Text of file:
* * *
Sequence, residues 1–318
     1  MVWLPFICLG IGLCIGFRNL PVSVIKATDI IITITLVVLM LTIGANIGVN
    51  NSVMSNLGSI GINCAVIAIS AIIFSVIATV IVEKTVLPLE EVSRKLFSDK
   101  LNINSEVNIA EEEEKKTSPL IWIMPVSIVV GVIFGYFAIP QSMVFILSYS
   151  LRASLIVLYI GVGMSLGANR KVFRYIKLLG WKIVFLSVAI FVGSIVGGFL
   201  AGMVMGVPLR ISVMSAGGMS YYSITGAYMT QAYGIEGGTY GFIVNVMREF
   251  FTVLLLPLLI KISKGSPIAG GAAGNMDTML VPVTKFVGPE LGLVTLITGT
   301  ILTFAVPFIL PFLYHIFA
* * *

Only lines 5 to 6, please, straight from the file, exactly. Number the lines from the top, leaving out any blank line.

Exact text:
   151  LRASLIVLYI GVGMSLGANR KVFRYIKLLG WKIVFLSVAI FVGSIVGGFL
   201  AGMVMGVPLR ISVMSAGGMS YYSITGAYMT QAYGIEGGTY GFIVNVMREF